Insights: People want to be informed about the intention of cars, and be assured that autonomous cars are able to understand their intention.
How might we facilitate two-way communication between pedestrians and autonomous cars in the shared spaces, while bringing a sense of safety, and minimizing effort for pedestrians?
How do we design for the three personas who own different personalities but share the same space?
Taking together our research findings and Bridgestone business focus, we developed Safe², Safe² surface will be used in the shared spaces where traffic signs and lights are removed.
- It is paved on the surface of the shared space which will have direct contact with both pedestrians and autonomous cars which enter this zone.
- Also, the sensors embedded in the Safe² surface can detect the movement of both cars and pedestrians and send signals to both parties of how they should do in the shared space.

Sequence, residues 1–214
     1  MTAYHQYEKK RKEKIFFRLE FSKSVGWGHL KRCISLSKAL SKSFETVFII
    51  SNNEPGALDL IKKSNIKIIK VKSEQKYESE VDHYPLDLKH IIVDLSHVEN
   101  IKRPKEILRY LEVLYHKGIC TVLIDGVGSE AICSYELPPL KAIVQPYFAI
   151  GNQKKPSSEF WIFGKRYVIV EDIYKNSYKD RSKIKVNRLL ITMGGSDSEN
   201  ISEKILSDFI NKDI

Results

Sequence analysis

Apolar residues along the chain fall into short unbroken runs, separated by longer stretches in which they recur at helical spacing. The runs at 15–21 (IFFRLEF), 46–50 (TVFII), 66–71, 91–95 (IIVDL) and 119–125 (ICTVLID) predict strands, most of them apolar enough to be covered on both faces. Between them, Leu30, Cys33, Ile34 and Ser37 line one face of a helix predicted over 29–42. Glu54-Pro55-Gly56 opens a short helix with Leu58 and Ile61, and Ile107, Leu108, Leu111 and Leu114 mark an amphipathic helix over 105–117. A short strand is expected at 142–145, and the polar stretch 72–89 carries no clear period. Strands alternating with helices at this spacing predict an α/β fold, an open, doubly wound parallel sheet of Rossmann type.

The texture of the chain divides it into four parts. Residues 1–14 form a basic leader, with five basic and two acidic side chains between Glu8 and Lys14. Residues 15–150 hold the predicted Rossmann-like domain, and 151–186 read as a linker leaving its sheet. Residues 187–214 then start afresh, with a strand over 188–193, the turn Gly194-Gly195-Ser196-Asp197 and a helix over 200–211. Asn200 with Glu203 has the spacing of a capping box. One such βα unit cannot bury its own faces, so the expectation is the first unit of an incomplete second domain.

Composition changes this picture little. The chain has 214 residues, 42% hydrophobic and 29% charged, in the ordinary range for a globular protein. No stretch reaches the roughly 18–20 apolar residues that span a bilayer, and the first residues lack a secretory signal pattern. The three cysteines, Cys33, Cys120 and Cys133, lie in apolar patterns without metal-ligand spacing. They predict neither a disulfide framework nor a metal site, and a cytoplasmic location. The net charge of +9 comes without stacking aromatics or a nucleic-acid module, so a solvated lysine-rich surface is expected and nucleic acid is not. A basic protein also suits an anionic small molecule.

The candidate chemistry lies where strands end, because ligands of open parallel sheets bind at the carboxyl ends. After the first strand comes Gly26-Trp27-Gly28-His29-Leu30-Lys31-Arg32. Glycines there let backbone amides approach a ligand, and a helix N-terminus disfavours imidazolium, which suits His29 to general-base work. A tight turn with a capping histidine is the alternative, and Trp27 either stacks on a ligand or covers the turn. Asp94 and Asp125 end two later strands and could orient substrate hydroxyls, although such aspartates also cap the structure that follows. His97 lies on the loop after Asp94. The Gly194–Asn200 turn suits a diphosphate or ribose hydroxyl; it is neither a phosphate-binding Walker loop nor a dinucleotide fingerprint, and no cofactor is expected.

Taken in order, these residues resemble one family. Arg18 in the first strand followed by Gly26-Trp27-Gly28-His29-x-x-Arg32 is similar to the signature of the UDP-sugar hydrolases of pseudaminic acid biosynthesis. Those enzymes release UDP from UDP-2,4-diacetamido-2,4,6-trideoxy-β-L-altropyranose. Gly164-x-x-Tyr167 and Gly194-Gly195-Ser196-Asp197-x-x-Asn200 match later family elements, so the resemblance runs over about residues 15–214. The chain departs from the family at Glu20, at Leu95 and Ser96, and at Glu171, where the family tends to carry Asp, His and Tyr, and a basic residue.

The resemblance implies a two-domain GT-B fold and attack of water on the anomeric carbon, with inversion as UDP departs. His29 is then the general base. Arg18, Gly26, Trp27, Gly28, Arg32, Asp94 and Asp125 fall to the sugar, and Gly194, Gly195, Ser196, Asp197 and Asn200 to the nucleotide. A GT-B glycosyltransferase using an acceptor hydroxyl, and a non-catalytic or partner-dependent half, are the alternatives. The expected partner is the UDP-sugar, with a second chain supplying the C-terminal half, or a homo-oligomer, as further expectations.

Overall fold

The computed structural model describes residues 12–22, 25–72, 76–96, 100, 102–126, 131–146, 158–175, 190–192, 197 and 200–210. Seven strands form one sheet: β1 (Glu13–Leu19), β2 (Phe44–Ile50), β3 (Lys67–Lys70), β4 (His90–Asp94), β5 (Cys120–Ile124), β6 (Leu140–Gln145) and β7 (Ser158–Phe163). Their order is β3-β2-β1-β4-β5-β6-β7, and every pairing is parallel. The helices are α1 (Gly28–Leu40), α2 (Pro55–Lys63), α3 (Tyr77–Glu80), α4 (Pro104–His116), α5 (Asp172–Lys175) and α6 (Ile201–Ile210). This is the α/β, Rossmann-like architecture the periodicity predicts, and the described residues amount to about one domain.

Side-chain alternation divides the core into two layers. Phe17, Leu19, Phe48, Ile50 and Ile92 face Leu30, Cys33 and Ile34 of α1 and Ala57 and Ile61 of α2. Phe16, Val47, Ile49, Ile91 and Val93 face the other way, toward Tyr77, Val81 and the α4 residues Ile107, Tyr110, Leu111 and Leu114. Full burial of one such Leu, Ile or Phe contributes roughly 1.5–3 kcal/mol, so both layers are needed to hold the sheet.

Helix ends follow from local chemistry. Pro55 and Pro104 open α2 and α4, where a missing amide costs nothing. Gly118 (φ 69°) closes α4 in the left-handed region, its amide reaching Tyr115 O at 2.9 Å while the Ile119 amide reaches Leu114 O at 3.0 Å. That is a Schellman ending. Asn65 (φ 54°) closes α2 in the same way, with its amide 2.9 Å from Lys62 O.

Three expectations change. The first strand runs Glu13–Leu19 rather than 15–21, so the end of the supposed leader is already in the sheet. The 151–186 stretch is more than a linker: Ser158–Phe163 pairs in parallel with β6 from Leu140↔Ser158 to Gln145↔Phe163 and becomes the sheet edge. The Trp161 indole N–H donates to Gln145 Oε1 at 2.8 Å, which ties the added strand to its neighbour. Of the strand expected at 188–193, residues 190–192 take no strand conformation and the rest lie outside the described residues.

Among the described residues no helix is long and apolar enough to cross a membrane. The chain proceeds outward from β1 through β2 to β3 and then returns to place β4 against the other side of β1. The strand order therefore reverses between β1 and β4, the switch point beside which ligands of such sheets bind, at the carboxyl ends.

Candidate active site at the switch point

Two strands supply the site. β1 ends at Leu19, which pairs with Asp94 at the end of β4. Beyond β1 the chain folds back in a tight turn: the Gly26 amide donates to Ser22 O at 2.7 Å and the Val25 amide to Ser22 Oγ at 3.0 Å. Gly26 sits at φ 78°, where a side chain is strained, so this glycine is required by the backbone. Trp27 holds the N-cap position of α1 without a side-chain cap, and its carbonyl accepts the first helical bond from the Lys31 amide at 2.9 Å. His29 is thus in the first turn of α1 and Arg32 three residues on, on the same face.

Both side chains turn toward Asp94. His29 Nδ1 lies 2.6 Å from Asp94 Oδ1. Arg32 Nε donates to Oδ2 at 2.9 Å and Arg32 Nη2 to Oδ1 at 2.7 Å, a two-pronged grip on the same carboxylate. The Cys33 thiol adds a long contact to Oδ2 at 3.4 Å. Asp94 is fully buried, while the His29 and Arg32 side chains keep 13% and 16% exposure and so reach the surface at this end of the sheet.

- The surface consists of connected units of smaller rubber tiles, with sensors embedded underneath.
- The details of the product will be shown in the following pages.
Paved on the surface of shared spaces
Consists of grid system in which units of rubber tiles connect with each other.
Sensors embedded beneath can sense the movement of the road users and send out signals.
The single unit of our product is a square-shaped rubber tile with sensors embedded which can be connected with other ones.
Scenario 1 : Pedestrian Crossing
scenario 2 : Emergent Situation
Safety: Safe² provides the users with a safer environment where they can be rest assured about the safety of the autonomous cars and their movement/intention.
Efficiency: Through the embedded sensors, the whole system becomes intelligent and can maximize the efficiency of the shared spaces through its data collection and calculation.
Accessibility: Since Safe² will create the physical change which every pedestrian can feel, this will increase the accessibility of this product, making it accessible for people with disabilities.